When crisis strikes, one of my friends will inevitably come knocking at my door. I am the safe place—partly because they know they can talk to me, and partly because I literally never leave my house (being The Mom Friend is sometimes synonymous with being boring).
5. You Worry Way Too Much
I’m a notorious sender of the “Did you make it home okay?” text. I worry when my friends are out, and I’m not there to supervise. My mom voice kicks into overdrive when I drill them on where they’re going, who they’re going to be with, when they’re supposed to be home and whether or not they’re making safe, responsible decisions. Sometimes I will hear myself and have a genuine moment of disgust as I realize that, at only 20-years old, I have managed to become my mother already.
My friends introducing me to their new significant other is an important step in their relationship. They have actually introduced me as “Mom” before because I have a tendency to eye the person up and down, deciding whether or not I think they are good enough for my friends. I’m constantly worried that they’re with someone who doesn’t fully appreciate them.
I mostly find myself worrying that I’m not going to have the answers that they need. As The Mom Friend, they’re going to come to you for advice, but what happens when you don’t know what to say? They say that the mark of a good parent is worrying whether or not you’re a good parent—I sure hope that’s true.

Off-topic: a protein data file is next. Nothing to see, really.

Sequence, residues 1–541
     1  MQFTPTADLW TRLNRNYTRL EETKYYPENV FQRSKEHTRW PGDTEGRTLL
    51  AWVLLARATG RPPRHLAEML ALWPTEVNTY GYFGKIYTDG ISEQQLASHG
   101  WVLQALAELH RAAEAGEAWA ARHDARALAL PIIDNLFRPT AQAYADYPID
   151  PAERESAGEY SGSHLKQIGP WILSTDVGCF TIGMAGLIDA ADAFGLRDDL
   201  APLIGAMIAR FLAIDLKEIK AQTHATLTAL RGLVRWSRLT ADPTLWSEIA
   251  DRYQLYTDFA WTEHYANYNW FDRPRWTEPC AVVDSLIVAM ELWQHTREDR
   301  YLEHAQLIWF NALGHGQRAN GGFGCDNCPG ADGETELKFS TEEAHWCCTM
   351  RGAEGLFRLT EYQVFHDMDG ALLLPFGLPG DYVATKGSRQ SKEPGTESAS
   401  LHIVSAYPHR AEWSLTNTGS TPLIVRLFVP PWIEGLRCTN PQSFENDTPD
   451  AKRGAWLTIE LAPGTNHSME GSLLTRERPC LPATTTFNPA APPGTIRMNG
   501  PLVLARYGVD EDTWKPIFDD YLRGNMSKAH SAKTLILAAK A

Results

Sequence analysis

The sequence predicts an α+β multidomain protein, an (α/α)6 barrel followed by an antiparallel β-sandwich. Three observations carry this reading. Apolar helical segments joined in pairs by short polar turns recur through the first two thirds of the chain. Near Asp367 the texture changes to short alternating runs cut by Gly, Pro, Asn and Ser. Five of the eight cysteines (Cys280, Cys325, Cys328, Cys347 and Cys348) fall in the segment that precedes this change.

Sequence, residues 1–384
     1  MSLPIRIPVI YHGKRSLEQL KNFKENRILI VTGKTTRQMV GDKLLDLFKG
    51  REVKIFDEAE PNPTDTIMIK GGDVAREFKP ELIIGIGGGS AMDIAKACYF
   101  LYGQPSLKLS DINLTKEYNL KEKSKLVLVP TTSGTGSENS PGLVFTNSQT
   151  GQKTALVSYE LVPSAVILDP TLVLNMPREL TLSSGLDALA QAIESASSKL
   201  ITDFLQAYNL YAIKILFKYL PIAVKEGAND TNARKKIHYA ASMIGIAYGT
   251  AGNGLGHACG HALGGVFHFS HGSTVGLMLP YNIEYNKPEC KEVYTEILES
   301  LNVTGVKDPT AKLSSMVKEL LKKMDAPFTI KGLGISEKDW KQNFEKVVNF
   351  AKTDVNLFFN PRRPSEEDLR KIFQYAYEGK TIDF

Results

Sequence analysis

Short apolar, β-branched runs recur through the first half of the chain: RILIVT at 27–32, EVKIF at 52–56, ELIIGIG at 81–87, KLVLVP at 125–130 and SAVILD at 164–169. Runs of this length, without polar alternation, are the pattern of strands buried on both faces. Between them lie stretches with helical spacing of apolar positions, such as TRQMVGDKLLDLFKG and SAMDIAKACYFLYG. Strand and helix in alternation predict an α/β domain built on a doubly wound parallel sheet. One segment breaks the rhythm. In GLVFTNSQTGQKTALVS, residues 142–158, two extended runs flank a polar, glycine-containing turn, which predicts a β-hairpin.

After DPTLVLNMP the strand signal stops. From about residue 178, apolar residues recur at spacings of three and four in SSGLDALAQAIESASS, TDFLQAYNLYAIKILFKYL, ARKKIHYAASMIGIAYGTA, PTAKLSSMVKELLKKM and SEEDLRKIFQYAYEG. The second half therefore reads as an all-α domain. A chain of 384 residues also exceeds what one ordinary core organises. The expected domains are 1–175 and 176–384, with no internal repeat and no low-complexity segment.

6. You Get a Little Lonely
When you spend the majority of your time taking care of other people, there aren’t many people to take care of you. No one usually comes to your bedside with soup when you’re sick or listens to you cry for hours over your breakup. Mostly, that’s because it can feel awkward to talk to your friends about your problems, especially when your natural tendency is to listen to their problems.
I know that I always have the urge to put my friend’s feelings before my own and don’t want to burden them by talking about my own issues.
It can be an isolating feeling, bottling up your emotions in favor of others.
7. You Have a Hard Time Letting Loose
Let’s get real: If you’re the mom friend of the group, you’re going to spend a lot of time taking care of drunk people. This means cutting them off when they’ve had too much, stopping them from making stupid decisions and holding their hair back when they get sick. All of this requires that you have little to nothing to drink yourself. You’re going to be spending a lot of time at parties sober.
But when an opportunity presents itself for you to take a night off of parenting, it can be hard to actually let go of those responsible tendencies. I have a very hard time letting myself relax. It’s a part of being The Mom; you worry about your kids. So much so that it, in itself, can be sobering.
Being The Mom Friend comes with a lot of responsibility, but let’s be honest, it’s really nice to feel needed. Sometimes it’s stressful, but it’s a very rewarding experience knowing how much your friends appreciate your guidance.